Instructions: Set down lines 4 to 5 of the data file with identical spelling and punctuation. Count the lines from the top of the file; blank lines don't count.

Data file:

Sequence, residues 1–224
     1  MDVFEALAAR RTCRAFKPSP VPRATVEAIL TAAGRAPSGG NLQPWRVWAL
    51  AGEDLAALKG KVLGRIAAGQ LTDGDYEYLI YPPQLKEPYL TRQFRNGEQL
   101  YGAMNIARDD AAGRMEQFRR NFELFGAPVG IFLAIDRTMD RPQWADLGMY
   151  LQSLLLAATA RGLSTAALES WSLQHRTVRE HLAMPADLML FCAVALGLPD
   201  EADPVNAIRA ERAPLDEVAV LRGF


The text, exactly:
   101  YGAMNIARDD AAGRMEQFRR NFELFGAPVG IFLAIDRTMD RPQWADLGMY
   151  LQSLLLAATA RGLSTAALES WSLQHRTVRE HLAMPADLML FCAVALGLPD